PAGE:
The 2013 Winter Meetings, held from December 9-12, marked my third venture to the Swan and Dolphin Hotel since moving to Tampa in 2006. During my first visit, I was a fly on the wall, watching people and scrapping up the courage to shake hands with Ozzie Guillen, Cal Ripken, Jim Leyland, and others. My second trip in 2010 was less star-studded, but I did talk briefly with Minor League Baseball president Pat O’Conner and met a few people I conversed with on Twitter, including an NBC Sports writer. I was still a fly on the wall, but I was learning how the room was arranged.
Since 2010, my writing career has grown quite a bit. Not to the point where I am a multimedia hero or a trending topic on Twitter, but to the point where I have a network, albeit small. Most of this network would be at the 2013 Winter Meetings. This time I might actually feel like I fit in.
So for a third time I traveled over the river (the Hillsborough) and through the woods (the somewhat barren ruralness of Knights Griffin Road) to the Baseball Winter Meetings. In the weeks prior, I contacted some of my small network to see if they were interested in meeting face-to-face. To my surprise, they were open to the idea.
As I did in 2006 and 2010, I parked in the guest lot at the Swan and Dolphin Resort. Little known fact: guest parking at the Winter Meetings has increased from $9.50 in 2006 to $15 in 2013. I guess the folks at Disney realize people like me are showing up and want to make a few bucks. But after an hour drive, I would not be deterred.
Walking around the Swan and Dolphin lobby, I was immediately struck by how many more media people seemed to be there. During my first year, there was no news desk near the lobby’s giant Christmas tree. In 2010, ESPN started broadcasting live from the lobby. In 2013, MLB Network joined ESPN with a desk. The media presence down the media hallway had exploded as well. SNY, NESN, and several other regional sports media had tables, desks, and other broadcast equipment assembled. If there was a transaction, or the rumor, thought, or idea of a transaction, it was going to be talked about right there.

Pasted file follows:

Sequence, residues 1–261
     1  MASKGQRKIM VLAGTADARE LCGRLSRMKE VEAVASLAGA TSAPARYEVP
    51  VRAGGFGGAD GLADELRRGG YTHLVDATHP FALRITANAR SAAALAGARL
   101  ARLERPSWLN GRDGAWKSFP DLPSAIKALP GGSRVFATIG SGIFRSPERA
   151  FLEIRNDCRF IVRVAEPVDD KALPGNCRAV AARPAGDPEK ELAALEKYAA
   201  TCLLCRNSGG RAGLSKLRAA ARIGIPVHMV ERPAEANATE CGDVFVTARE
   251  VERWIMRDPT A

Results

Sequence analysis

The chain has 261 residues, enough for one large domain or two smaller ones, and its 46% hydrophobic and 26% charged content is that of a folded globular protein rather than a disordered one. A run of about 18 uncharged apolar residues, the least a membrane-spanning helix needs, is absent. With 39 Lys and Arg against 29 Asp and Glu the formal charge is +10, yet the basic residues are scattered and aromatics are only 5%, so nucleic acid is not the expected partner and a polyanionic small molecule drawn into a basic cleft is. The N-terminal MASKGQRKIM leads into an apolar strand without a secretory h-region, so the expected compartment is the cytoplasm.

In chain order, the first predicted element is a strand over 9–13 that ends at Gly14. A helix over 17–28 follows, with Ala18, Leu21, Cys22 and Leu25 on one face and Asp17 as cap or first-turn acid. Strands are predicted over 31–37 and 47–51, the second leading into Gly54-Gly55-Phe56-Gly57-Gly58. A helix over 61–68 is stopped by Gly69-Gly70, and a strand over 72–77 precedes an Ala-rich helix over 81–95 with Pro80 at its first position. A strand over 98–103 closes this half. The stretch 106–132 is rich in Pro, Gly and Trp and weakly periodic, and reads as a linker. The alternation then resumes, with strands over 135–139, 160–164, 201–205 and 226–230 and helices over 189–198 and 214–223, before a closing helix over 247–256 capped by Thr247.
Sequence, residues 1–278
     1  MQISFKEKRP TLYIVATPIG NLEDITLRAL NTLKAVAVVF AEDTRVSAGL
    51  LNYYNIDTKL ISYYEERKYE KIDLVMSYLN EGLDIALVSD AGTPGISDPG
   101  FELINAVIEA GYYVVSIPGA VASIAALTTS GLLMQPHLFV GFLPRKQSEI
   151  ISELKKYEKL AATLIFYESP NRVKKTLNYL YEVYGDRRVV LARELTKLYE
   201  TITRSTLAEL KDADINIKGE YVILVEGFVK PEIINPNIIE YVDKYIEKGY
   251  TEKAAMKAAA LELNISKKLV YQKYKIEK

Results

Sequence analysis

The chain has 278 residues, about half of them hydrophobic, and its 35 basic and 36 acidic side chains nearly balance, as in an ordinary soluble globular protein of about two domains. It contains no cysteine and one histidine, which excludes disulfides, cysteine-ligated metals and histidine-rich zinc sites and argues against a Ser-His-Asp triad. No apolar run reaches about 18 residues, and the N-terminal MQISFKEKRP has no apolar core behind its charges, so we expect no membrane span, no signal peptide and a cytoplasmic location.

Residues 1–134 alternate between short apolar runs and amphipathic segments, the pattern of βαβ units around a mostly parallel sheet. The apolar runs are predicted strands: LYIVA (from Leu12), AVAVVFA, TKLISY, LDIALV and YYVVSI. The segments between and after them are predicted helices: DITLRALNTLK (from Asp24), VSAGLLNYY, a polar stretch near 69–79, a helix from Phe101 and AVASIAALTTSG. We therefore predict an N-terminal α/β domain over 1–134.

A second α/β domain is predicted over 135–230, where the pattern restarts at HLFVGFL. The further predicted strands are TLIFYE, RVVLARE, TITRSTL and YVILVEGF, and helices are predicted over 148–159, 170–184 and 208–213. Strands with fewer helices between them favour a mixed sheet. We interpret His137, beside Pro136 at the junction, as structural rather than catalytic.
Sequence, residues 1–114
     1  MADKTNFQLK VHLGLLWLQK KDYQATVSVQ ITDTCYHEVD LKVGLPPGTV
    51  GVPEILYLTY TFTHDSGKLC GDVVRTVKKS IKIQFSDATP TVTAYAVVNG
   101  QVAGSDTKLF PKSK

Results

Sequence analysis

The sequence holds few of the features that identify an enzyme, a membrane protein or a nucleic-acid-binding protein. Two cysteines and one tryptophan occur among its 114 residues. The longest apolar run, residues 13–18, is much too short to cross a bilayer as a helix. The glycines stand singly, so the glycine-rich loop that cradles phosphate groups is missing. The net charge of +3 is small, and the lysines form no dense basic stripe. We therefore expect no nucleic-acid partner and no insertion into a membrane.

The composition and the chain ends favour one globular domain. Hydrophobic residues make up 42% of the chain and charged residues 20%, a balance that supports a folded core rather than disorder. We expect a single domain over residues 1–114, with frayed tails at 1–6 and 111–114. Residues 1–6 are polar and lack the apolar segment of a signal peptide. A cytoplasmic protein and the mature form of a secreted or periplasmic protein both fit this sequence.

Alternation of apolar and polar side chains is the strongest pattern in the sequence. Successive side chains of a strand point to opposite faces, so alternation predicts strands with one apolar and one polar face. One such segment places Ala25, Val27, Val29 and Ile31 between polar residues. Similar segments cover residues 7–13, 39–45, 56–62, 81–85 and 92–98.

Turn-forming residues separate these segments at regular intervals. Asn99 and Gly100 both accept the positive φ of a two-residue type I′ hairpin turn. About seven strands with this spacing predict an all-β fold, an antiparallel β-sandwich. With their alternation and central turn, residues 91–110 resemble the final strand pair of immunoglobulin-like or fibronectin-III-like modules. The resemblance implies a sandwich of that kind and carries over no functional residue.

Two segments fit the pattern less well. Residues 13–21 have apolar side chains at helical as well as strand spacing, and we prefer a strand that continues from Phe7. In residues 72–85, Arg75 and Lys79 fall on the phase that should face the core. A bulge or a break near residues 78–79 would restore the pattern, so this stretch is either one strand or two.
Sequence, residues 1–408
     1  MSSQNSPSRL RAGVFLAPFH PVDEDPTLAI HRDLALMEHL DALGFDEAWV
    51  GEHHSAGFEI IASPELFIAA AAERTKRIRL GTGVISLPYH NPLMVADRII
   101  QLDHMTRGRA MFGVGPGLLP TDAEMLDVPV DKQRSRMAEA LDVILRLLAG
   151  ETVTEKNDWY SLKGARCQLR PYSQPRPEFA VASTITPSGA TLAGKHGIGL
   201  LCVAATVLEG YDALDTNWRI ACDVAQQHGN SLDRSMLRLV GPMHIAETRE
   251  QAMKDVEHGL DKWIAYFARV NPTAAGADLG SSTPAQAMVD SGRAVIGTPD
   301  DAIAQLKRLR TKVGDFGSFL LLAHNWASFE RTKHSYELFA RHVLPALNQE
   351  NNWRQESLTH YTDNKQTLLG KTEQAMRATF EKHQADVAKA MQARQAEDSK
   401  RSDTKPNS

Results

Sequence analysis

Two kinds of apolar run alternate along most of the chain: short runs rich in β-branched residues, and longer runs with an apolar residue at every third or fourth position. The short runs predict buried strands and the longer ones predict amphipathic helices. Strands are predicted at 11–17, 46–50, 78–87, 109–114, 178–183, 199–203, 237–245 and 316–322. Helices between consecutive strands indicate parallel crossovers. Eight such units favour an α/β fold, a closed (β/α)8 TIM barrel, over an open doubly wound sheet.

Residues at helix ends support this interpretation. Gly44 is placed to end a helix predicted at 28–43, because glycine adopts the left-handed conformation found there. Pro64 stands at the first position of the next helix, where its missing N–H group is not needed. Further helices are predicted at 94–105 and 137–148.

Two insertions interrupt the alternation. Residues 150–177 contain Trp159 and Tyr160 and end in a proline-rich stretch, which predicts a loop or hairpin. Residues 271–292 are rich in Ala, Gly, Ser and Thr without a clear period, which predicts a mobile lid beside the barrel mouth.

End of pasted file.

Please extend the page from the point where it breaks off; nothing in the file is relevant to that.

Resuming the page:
I also saw a group at this year’s Winter Meetings who I had never seen before: autograph seekers. I was shocked to see several guys (isn’t it always guys?) trying to get signatures from Dodgers manager Don Mattingly and network analysts Ron Darling and Dan Plesac. Although I understand autograph seeking, the Winter Meetings just doesn’t seem the place for that.
Another popular group at the Winter Meetings were job hunters. Unlike the autograph seekers, job hunters are expected, encouraged, and embraced. The easiest way to identify a job seeker is to look for the young person in a suit jacket. Most media and baseball people dress well, but forego the jacket.
After reorienting myself with the lay of the Swan and Dolphin, I met with Minor League blogger Jessica Quiroli of the blog High Heels on the Field and had a great discussion on Minor League reporting, prospect analysis, and brand building. Even better, she knew who I was. I also talked with a writer I knew from the Tampa Bay Rays blogosphere and another former Baseball Prospectus writer. Three people!
Through wandering the halls of the Swan and Dolphin, I also met and shook hands with the ownership of the Tampa Bay Rays. I told them I had been a part-season ticket holder for several years and thanked them for their product. I think it’s important to tell people that you enjoy the entertainment they provide.
Another little known fact of the Winter Meetings through the years: in 2006 a bottle of Bud Light was $5.50. In 2013, a bottle of Heineken was $7.50. And a can of Diet Coke was $3.50. I guess those making $60 million over five years can afford more than one, but I sure couldn’t. Maybe the high prices are to keep the job seekers from mingling with the millionaires. I am not sure where the media personnel fall on that spectrum, but many of them congregate near the lobby bar alongside the baseball lifers.
Before leaving, I had one more writer e-migo to meet, the illustrious king of reporting on Minor League gimmicks, fashions, and trends, the one, the only bloglord of Ben’s Biz, Ben Hill. During a break in his busy schedule, I told Ben to look for the only person in the lobby wearing a Santa Claus hat. Accompanied by other Minor League front office folks (Ben is a very popular guy!), we chatted about travel, the career of writers, Florida’s minor league parks, and death metal. Next thing I knew it was past 11pm. I still had to drive back to Tampa.
I bid adieu to Ben and the other folks in our conversation and made my way to the exit, another Winter Meetings under my belt. I’ve made progress in the seven years since my first Winter Meetings. Maybe next time the Winter Meetings comes to Disney World, people will be asking for my autograph. Or at least I’ll be able to expense the cost of parking.
For more from Mike, follow him on Twitter @JordiScrubbings. For more from me, just visit bensbiz.mlblogs.com and keep hitting refresh. Something’ll come up eventually. See ya in 2014!